Search form

Media

These news clips on global space news are provided by the Coalition for Space Exploration for distribution by the Space Foundation to our constituents. You can also subscribe to receive a daily email version.

NASA’s Next Moon Probe: LADEE to Test Laser Communications

The LADEE spacecraft awaits spin balance testing, conducted to ensure stability during flight, at NASA’s Wallops Flight Facility in Virginia July 10. Credit: NASA/Patrick Black

NASA’s Lunar Atmosphere and Dust Environment Explorer – LADEE. Credit: NASA

NASA’s Lunar Atmosphere and Dust Environment Explorer – LADEE – is being prepared for its departure to the Moon.

Launch date is slated for September 2013 from NASA’s Wallops Flight Facility, Va. atop a Minotaur V booster.

LADEE’s mission duration is approximately 160 days – 30 days to travel to the Moon, 30 days for checkout and 100 days for science operations.

What’s the objective of this lunar orbiter?

It will gather detailed information about the lunar atmosphere, conditions near the surface and environmental influences on lunar dust.

Laser communications

LADEE will also test an advanced laser system offering vastly faster data speeds

The European Space Agency’s (ESA) observatory in Spain will use the laser to communicate with the NASA Moon orbiter.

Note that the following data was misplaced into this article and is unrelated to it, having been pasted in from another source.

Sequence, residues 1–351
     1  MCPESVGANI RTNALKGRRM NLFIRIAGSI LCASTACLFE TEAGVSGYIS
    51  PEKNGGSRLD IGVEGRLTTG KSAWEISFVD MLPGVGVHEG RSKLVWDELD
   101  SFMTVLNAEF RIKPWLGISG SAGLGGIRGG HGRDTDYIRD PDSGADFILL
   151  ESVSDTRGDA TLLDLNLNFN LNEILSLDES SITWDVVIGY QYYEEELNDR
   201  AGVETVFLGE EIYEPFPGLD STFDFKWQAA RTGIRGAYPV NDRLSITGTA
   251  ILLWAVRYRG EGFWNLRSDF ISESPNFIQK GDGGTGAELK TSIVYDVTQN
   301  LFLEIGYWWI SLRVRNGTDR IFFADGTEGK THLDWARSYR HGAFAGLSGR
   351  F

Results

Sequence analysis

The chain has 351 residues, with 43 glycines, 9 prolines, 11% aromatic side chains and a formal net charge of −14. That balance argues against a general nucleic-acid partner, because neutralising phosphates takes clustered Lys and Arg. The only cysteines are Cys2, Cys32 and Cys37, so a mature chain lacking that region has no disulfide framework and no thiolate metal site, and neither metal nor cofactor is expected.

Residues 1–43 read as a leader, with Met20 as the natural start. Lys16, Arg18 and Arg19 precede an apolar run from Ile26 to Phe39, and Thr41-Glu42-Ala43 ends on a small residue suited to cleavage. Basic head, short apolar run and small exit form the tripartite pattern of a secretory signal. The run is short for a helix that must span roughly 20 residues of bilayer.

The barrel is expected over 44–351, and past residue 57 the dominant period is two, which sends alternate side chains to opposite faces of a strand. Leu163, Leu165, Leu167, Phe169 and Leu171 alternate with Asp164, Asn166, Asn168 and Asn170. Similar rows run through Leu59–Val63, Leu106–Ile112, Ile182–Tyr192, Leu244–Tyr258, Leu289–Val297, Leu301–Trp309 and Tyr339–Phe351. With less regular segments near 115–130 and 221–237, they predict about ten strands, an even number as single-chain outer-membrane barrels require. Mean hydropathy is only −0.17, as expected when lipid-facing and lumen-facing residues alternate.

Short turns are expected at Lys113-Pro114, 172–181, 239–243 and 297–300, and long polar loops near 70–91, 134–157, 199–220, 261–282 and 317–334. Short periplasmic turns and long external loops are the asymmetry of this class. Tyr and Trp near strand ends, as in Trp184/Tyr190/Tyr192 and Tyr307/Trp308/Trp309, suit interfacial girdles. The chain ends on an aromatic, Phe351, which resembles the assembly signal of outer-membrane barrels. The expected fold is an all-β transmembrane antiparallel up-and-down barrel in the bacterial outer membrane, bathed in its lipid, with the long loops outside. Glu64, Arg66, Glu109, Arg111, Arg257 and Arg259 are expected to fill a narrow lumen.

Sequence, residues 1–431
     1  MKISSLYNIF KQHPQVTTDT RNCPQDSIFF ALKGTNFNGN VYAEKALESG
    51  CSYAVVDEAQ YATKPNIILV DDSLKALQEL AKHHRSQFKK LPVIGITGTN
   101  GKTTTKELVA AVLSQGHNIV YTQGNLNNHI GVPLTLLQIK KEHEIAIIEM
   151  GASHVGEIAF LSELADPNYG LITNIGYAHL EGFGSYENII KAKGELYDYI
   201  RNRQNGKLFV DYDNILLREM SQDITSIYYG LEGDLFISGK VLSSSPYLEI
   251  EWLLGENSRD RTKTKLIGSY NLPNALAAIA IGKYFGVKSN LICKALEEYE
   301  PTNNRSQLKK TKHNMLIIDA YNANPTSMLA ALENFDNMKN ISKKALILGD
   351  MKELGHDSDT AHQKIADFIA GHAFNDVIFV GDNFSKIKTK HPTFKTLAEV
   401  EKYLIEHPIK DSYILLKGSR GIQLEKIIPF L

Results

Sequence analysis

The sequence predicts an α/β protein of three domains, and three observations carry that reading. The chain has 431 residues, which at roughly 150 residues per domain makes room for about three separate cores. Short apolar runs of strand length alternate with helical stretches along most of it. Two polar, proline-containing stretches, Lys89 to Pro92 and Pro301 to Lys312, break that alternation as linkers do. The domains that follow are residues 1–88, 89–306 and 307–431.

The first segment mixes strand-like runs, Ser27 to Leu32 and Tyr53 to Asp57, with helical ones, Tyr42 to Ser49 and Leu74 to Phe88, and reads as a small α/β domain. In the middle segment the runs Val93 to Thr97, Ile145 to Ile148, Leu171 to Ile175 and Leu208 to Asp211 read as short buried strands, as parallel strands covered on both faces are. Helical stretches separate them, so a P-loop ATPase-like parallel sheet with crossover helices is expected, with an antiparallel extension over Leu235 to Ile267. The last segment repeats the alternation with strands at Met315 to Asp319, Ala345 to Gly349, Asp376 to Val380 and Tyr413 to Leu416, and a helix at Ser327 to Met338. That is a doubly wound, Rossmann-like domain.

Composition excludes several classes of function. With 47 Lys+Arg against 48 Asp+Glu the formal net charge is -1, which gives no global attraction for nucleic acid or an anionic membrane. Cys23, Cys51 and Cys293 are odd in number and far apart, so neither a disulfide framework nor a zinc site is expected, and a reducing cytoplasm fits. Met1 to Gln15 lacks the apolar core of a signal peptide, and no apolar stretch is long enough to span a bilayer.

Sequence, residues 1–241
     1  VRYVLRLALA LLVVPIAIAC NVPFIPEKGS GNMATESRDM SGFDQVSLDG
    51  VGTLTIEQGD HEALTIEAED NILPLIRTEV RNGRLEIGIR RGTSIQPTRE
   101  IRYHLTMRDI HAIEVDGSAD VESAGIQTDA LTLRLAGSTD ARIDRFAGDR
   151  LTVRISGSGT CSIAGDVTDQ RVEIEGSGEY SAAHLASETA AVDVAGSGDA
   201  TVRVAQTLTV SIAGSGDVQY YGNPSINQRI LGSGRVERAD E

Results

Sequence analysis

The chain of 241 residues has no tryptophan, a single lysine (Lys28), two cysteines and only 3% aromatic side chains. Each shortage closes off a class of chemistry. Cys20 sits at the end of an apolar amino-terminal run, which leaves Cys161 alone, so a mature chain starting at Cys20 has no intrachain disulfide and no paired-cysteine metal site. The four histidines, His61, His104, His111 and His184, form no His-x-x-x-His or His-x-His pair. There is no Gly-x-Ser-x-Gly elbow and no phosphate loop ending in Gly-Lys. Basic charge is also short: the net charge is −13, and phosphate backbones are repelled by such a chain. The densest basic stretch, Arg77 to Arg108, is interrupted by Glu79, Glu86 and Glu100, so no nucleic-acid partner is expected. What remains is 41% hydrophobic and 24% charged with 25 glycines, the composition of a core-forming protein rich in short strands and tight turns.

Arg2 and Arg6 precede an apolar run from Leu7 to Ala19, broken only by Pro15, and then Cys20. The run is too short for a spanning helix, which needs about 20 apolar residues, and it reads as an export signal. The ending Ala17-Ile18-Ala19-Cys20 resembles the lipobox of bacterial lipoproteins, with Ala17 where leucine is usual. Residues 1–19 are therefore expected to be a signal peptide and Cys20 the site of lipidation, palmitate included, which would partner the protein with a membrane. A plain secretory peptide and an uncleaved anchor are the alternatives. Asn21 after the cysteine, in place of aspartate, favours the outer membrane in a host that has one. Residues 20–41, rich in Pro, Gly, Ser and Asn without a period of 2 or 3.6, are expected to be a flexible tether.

LADEE carries a terminal that can transmit and receive pulses of laser light. ESA’s Optical Ground Station on Tenerife will be upgraded with a complementary unit and, together with two U.S. ground terminals, will relay data at unprecedented rates using infrared light beams at a wavelength similar to that used in fiber-optic cables on Earth.

The first laser link-up with LADEE is expected to be attempted four weeks after launch, around mid-October.

By Leonard David

<
Live Sun Image
 
X

Share This Page

Share this page with friends and bookmark for future reference.

Facebook Share on Facebook Twitter Tweet This LinkedIn Share on LinkedIn

Additional networks and bookmarking websites:

X

Give Us Feedback

We want to hear from you! Feel free to send us your comments about this page. General feedback for the Space Foundation is also welcome.